The career graph of Youssou N’Dour, from the 1980s to the present, shows his journeys across the world. His music today is spans multiple genres – rock, reggae, electronica, jazz, soul. He uses synthesisers to generate traditional mbalanx sounds. His favourite music, apart from African sounds, if one might say, won’t shock anyone – Marley, Gaye, Prince. He is called to tribute concerts, charity concerts, World Cup football opening events, political events and other occasions. He tried to run for president but withdrew. He has set up a state of the art recording studio in Dakar, where he continues to live, when not traveling. His studio has now become a hub for Senegalese music which had to otherwise go to Paris to be recorded. He is an important person.

My Youssou N’Dour Playlist on Youtube has the following songs (You can check out a pre-curated playlist on Apple Music)

  1. Return To Goree, a documentary that rivals Buena Vista Social Project in artistic excellence
  2. In Your Eyes (Peter Gabriel)
  3. Passion (Peter Gabriel), a most goosebumps raising blending of voices of N’Dour and Nusrat.
  4. Birima, with a simple video from the streets of Dakar
  5. Badou, composed and created when he was still unknown to the rest of the world.
  6. Mame Bamba, one of his older songs about his spiritual guru Sheikh Bamba
  7. Egypt, 2004, Grammy Award winning work, to use a much abused word – seminal
  8. La Cours des Grands, a typical song for the World Cup, used in 1998. The original French song does however have a slightly more poetic feel than the modified English version.
  9. 7 seconds (with Neneh Cherry), from 1994, the title of the song refers to the brief fleeting moments of innocence that a new born baby experiences before being told who he or she is, what the colour of his or her skin is, what it means, etc.
  10. Ob La Di Ob La Da, a lovely rendition of a Beatles classic

Explore The World Through Its Music

The ancient Greeks used the word barbaros to refer to various groups of peoples – those who spoke Greek badly; those who did not speak Greek (and therefore were incomprehensible and strange to the Greek citizen); the Persians; the Turks; the Huns; etc. Today, the word barbarian has come to mean a person who is not civilised i.e. not from the mainstream.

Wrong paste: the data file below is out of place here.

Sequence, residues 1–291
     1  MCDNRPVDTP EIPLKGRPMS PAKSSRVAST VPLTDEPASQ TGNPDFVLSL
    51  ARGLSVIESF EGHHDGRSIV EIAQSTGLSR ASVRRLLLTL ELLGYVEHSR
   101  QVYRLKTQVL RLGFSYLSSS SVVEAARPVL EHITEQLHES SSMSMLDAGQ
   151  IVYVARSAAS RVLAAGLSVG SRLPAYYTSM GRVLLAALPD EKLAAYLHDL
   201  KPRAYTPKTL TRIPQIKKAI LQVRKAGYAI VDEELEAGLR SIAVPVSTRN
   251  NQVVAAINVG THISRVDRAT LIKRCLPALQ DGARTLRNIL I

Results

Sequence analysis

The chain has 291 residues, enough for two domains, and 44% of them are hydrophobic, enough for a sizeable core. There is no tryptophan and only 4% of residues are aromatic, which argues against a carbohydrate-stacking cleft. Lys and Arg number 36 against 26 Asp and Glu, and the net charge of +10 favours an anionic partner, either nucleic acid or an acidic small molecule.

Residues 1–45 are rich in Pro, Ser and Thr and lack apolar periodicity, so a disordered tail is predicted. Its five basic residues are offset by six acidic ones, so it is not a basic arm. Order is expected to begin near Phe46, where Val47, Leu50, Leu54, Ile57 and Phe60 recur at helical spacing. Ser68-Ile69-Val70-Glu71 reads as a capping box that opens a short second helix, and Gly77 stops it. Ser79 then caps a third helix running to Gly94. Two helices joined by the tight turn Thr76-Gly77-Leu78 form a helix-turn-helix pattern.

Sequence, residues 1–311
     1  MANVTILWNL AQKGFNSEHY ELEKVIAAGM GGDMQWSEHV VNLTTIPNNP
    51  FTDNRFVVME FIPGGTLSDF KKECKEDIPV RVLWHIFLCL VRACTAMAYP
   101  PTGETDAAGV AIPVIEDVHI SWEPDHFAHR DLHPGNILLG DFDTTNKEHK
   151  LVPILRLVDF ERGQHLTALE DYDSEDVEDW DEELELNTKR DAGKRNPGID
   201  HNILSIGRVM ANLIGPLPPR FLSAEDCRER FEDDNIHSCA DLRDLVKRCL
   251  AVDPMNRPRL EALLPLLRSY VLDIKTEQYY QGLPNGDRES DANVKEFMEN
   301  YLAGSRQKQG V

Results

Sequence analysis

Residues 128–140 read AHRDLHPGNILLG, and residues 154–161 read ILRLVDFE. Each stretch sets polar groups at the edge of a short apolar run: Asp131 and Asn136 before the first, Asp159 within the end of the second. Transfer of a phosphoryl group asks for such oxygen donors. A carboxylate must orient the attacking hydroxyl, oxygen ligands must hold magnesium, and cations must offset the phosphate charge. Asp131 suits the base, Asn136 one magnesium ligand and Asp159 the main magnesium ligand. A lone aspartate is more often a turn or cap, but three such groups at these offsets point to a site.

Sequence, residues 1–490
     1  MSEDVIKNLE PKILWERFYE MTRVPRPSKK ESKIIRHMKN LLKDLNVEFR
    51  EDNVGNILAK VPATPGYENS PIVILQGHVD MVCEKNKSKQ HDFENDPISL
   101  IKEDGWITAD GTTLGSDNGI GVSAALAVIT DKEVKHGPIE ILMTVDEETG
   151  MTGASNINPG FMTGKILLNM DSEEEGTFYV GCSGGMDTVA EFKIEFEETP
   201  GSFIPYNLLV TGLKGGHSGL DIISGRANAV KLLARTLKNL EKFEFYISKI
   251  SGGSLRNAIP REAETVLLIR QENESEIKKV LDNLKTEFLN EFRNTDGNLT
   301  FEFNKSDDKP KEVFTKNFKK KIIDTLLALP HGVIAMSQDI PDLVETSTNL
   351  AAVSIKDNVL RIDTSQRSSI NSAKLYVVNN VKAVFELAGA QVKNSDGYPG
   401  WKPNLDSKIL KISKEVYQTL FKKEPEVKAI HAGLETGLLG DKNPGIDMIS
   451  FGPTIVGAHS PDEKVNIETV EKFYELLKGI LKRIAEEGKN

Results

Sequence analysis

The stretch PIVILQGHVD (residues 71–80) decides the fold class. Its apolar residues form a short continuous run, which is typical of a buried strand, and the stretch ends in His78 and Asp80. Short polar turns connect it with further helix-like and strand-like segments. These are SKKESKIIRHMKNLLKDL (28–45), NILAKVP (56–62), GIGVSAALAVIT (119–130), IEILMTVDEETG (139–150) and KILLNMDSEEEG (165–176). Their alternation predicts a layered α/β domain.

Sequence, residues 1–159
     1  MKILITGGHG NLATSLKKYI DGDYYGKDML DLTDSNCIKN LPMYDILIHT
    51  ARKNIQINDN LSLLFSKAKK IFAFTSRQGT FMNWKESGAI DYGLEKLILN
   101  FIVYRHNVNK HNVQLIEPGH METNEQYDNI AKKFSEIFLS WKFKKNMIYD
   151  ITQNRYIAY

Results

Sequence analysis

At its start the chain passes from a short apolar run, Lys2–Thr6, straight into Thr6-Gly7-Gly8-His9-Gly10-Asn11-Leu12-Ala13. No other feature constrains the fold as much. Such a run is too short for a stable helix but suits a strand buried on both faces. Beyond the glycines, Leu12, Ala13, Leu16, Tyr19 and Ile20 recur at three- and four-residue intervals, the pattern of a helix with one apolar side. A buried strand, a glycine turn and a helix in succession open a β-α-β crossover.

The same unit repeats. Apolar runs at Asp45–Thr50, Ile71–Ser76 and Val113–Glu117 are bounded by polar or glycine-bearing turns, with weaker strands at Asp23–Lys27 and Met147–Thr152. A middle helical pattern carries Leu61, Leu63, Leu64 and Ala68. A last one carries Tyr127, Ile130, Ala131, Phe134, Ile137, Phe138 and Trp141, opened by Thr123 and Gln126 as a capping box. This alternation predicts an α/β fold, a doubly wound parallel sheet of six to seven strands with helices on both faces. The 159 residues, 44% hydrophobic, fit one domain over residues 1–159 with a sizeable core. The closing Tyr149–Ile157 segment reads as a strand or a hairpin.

However, one person’s barbarian was another person’s model citizen. The perspective of the observer was the deciding factor. Who decides what is mainstream? Who decides what is the reference point for being termed a member of a civilised group of people versus a barbarian group of people?

The term World Music was a lazy attempt at defining any thing which was not Western Popular Music. The perspective of the observer was clearly American.

Carl Rahkonen sums it up in his 1994 technical paper when he says world music is more about what it is not rather than what it is:

World music might best be described by what it is not. It is not Western art music, neither is it mainstream Western folk or popular music. World music can be traditional (folk), popular or even art music, but it must have ethnic or foreign elements. It is simply not our music, it is their music, music which belongs to someone else.

So the next time you select world music in your playlist settings, you are essentially saying, hey, let’s listen to their music.

I got hold of Paul Simon’s Graceland cassette quite soon after it was released. Like everyone else outside of South Africa, I got to hear artists from that country for the first time. The opening A Capella by Ladysmith Black Mambazo followed by the opening bars of the guitars in Diamonds on the Soles of the Shoes are to me one of the finest openings in pop music. Later, I learnt that this was fusion music. I also learnt that this music brought hitherto unknown ethnic sounds from South Africa into the mainstream. The commercial success had made Graceland a template for future musical experiments in cross-border music mash ups. To top it all, with record companies coming out with International or Ethnic recordings, World Music got its stamp of credibility when an artist of the stature of Paul Simon immersed in it with considerable artistic and commercial success.